In the spirit of George Orwell’s essay, Politics and the English Language, I am proposing the following disambiguation of “hunting/hunter” when describing a human behavior set, for the 21st century.

Pursuing any non-domesticated living organism with the intention of killing it for eating, necessitated by poverty. (Hunter: one who hunts)

Recreational Killing:
Pursuing any non-domesticated living organism, other than another human, with the intention of killing it for any reason other than eating it, necessitated by poverty. (Recreational killer: one who recreationally kills).

The use of the “sport/sportsman” words re these behaviors.
Using these terms in re hunting or recreational killing behaviors does not make any sense. “Sport” is a physical activity that is governed by a set of rules or customs and often engaged in competitively. This makes sport a subset of the class “game”. In a game, all sides know it is a game. Prey does not know it is a game, and for prey, it is definitely not a game.
Efficiency, Predation, and Recreational Killing:
A reflection on the technology generally allowed for recreational killing, and the annual harvest of the White Tail Deer in Wisconsin

Human's are the main predator of the White Tail, but their method is biologically inefficient. What i mean by efficient in this context is “hunting” that selects for the injured, sick, old, slow, the very young  etc. Efficient “hunting” makes for healthier, fitter prey.
Certainly on our ancestral landscape we were efficient hunters during a lot of our history, and the Kalahari Bushmen still do it the old fashioned way (Google around on Kalahari Bushmen “persistence hunting” Here is a neat video of the technique).

The traditional top predator of the White Tail Deer was of course, the Wolf. Wolf and their prey co-evolved. Wolves can read by scent and sight the slightest signs of which deer in a group has an injury or sickness, or is an infant, therefore, is easier to take down. In a sense they are the ultimate meat inspector for deer. The predator prey relationship is all about biological energetics. The wolf is an obligate hunter. From a wolf's instinctual "point of view", what food can i get with the least expenditure of energy and least chance of damage to myself?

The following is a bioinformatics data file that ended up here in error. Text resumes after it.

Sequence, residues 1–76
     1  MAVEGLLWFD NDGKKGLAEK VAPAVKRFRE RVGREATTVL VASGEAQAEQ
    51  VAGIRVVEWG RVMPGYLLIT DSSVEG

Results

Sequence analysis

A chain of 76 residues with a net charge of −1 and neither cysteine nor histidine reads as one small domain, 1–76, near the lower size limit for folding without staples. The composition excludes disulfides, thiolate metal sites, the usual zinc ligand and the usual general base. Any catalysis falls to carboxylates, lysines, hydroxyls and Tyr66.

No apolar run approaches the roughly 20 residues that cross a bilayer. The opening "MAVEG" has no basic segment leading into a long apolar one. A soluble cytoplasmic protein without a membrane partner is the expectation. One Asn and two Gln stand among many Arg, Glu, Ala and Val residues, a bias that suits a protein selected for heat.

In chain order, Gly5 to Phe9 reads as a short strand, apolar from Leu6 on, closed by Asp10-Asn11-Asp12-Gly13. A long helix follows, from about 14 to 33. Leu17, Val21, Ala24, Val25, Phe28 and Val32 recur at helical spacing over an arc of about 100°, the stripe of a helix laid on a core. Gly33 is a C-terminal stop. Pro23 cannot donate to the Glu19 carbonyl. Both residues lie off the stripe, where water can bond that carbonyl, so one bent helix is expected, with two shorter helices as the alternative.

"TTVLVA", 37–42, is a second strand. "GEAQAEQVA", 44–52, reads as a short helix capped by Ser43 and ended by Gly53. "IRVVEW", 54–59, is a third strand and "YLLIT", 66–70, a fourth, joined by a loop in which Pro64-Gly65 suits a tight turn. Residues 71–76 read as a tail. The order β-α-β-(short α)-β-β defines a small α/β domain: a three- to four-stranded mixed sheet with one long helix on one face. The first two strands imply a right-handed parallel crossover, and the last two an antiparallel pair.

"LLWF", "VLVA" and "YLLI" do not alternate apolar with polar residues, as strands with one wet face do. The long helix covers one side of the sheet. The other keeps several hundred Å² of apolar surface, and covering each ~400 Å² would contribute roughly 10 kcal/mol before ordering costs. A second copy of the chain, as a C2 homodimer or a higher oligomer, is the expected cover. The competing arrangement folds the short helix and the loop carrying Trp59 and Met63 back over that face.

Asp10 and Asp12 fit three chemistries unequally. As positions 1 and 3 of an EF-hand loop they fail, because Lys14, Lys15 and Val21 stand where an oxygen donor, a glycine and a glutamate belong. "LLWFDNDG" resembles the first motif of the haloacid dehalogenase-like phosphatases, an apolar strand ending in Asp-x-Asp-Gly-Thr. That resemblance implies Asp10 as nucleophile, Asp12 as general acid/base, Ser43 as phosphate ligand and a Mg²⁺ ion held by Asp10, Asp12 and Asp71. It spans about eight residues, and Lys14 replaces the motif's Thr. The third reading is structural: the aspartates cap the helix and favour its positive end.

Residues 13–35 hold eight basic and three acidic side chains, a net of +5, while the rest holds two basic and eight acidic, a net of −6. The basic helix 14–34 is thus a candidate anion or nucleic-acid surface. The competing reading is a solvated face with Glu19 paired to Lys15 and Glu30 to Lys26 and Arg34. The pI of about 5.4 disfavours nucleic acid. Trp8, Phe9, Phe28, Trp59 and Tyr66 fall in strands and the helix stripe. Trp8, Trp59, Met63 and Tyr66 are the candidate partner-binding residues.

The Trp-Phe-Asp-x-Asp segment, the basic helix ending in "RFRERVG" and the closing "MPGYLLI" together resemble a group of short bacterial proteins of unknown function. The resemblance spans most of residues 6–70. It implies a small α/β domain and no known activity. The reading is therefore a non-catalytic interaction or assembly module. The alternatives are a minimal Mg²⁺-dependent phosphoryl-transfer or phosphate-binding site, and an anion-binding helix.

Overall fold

Despite not being obligate hunters, we have centered our technique of hunting and recreational killing on the same measure as the wolf; kill with the least expenditure of energy and least chance of damage to myself. Therefore we use projectile weapons of various types. This, and all the bait piles, cameras etc. creates a "hunt" wherein being able to pick out the biologically "easy" deer irrelevant. From the deer’s perspective; it by recreational behavior, hunting behavior or vehicular collisions, we are their main predator now. But we are grossly inefficient, biologically speaking. Our land use behavior that results in a predominance of meadow/field woodlot edge areas, favors the deer presence also.

So, why should we be surprised, or concerned about the rise of CWD? We have created a White Tail population which is the perfect home for disease growth. There are lots of them, mostly not as "fit" as their ancestors, and they tend to clump together more during rest periods due to our control of the landscape. CWD is probably just the first problem we have noticed.
So what can we do? Probably nothing.

First, the “hunt” is a part of the tourism economy. If the participants were limited to say, the tools of the Bushman, there would probably be fewer participants, and therefore less  revenue flow from the participants.

Obviously the easy, direct way is to make sure there are a lot more wolves. Unpaid meat inspectors that do not need labs to spot and take out the sick. But our archaic instinct based antipathy towards non-human top predators make that unlikely.

Modern persistent "hunters" chasing an antelope

A proposal long term solution, and generally, a biologically useful approach to recreational killing (it would take a long time to get to efficiency)

So if we wanna be the top predator, we have to change, if we want to be efficient. No seasons, no bag limits, no age or gender restrictions. Year around recreational killing.  No traps, bait piles, cameras etc. And most importantly, no projectile weapons. Handheld weapons only. Knives, clubs, spears etc. Run them down. Fitter deer, fitter killers.
After many, many years, perhaps we would regain the sight hunting skills of our ancestors, or at least that of the Kalahari Bushmen?